Scores and Letters of Recommendation
Applications to the Physics Graduate Program are submitted through the University of Maryland's Graduate School.
Please visit the University of Maryland Graduate School's Application Process page, where you will find a step-by-step guide to applying, answers to frequently asked questions, and the link to the application. The Physics Admissions Requirements are listed here.
The application submission deadline is 11:59 pm EST on December 11.
Yes! We no longer require the general GREs as they are of little or no use to the admissions committee.
While we still are listing the Physics GRE as "required", we understand that circumstances may well prevent excellent applicants from taking the exam--and that this is likely to occur frequently this year. In cases where the student cannot take the exam, we will fully consider the application and make our admissions decisions based on the information we have.
We only ask that you explain in your Statement of Purpose why you were unable to take the exam.
In any event, for most applicants the Physics GRE plays a modest role in our decision making, so our admissions process will be able to function if they are missing.
Nationally, there has been a movement to deemphasize the Physics GRE in admissions and some Departments have made them optional, even before the pandemic. There have been discussions in Maryland Physics about whether we should also make the Physics GRE optional, with some in the Department strongly advocating this position. Given this situation and the fact that other Departments have made the Physics GRE optional in light of the pandemic, it is fair to ask why Maryland is keeping them "required", albeit with the understanding that if a student is unable to take the exam their application will still be given full consideration. The answer is simply that this year may be a particularly awkward time to forgo whatever limited information is contained in the Physics GRE. We will already have much less information than usual in making admissions decisions: transcripts provide less information than usual since classes in the spring were held in difficult circumstances and in many instances were graded on a pass/fail basis and research opportunities for students in the spring and summer have been greatly limited, which among other things, tends to limit the information in letter of reference compared to the past.
That said, it is likely that many of you--perhaps the great majority of you depending on how things play out in the fall--will unable to take the test. We understand this and will accommodate and fully consider the applications.
We use the Physics GRE subject test as one of several indicators of preparation in basic physics, to help assess the likelihood of success in our program. Although we list the Physics GRE as “required” rather than “optional”, if you have not taken the test, we will still read and evaluate your application; you will still be considered for admission, provided the remainder of the application is sufficiently strong. However, it is in your interest to submit a Physics GRE score. This is true, even if you believe that the score you received does not accurately reflect your level of knowledge and ability. We are well aware of the limitations of the exam and really do look at the overall record. A low score will not eliminate you from consideration if the rest of the application is sufficiently strong.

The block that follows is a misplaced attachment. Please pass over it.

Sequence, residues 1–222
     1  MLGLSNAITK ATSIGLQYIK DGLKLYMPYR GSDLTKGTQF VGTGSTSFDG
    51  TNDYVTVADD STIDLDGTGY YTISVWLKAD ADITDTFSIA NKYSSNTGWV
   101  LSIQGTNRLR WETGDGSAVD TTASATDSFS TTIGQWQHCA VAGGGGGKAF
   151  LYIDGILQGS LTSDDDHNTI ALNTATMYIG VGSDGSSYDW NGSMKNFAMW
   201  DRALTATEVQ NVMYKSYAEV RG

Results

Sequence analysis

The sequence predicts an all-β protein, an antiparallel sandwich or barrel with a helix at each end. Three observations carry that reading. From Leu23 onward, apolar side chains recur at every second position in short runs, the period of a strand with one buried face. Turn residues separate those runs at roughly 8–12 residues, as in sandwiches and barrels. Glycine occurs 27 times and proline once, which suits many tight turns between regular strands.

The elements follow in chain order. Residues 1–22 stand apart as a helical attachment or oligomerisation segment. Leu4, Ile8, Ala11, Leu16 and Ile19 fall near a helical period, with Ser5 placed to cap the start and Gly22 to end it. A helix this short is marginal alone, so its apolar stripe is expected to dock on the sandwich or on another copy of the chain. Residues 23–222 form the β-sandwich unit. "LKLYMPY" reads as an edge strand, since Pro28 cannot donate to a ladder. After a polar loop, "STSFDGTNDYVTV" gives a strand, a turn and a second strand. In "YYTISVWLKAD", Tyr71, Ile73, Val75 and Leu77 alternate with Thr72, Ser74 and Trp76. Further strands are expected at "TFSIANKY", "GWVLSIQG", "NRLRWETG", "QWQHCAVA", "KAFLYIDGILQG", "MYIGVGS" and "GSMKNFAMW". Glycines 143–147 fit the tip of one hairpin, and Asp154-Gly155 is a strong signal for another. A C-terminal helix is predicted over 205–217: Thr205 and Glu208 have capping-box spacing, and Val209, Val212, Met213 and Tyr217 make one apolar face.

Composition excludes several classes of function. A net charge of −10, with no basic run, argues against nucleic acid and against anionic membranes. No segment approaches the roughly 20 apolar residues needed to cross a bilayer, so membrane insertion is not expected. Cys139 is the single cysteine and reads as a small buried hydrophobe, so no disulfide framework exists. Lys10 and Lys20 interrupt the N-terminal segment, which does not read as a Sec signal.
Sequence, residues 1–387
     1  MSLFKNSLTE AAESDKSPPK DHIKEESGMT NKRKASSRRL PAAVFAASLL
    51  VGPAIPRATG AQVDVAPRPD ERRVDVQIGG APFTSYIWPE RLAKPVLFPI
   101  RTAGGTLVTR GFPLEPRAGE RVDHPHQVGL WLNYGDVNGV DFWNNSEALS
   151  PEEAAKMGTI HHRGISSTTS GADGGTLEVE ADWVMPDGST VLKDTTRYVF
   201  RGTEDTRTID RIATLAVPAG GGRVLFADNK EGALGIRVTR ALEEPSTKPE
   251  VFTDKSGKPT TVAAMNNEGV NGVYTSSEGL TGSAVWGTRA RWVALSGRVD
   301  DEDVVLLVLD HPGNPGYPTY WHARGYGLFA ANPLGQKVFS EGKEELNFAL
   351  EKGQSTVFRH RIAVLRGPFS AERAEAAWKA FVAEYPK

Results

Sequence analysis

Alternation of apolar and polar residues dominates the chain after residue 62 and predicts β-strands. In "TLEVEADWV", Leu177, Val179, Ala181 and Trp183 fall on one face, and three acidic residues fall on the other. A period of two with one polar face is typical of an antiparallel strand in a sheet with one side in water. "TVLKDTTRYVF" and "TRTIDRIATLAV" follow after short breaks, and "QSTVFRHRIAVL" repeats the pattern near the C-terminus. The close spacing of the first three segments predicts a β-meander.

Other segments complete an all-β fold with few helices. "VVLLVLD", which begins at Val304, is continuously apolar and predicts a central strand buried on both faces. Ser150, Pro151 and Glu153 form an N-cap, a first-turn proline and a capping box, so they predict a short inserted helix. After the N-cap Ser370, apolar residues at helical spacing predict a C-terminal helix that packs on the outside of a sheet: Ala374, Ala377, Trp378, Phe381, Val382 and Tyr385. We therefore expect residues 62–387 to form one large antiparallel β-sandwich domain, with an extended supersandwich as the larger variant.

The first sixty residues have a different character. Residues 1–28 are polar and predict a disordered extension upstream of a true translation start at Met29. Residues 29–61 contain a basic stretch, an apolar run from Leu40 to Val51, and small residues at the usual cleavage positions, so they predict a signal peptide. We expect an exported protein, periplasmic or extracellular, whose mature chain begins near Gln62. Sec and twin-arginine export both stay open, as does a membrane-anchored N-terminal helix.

If there are special circumstances that prevented you from taking the test, you should let us know in your Statement of Purpose.
We do not have minimum score requirements for the GRE General or GRE Physics tests and a low GRE score should not discourage you from applying.
We get many highly qualified applicants each year, so our admissions process is quite competitive. However, the GRE is just one component of the application, along with the courses you have taken and the grades received, your letters of recommendation, your research accomplishments and your statement of purpose all inform our admissions. Each of these components gives a somewhat limited picture of applicants and in some cases the GRE can help round out the picture. That said, the information provided by the exam is limited and we are aware that it can be misleading. Thus we look at the overall record. A low GRE score will not eliminate you from consideration of admission if the application is sufficiently strong overall.
GRE (General and Subject) – 5814
TOEFL – 5814
You will be required to submit TOEFL/IELTS/PTE scores if you are a US citizen or permanent resident with international credentials whose native language is not English and who does not hold a degree from an institution in the US or one of the areas listed above.
How many credits do I need to take?
Typically, graduate students with an appointment in their department (TA or RA) must take 24 units. Each graduate-level course credit counts as 6 units, and each research credit counts as 18. For example, students who are only taking classes typically need to have at least 4 credits, and students who are only doing research need to have 2 credits of PHYS898. You can read more about it here.
How do I register for class?
Why can’t I register for PHYS899?
Doctoral candidates are automatically registered by the Registrar’s Office for this course about 2-4 weeks before the beginning of the semester.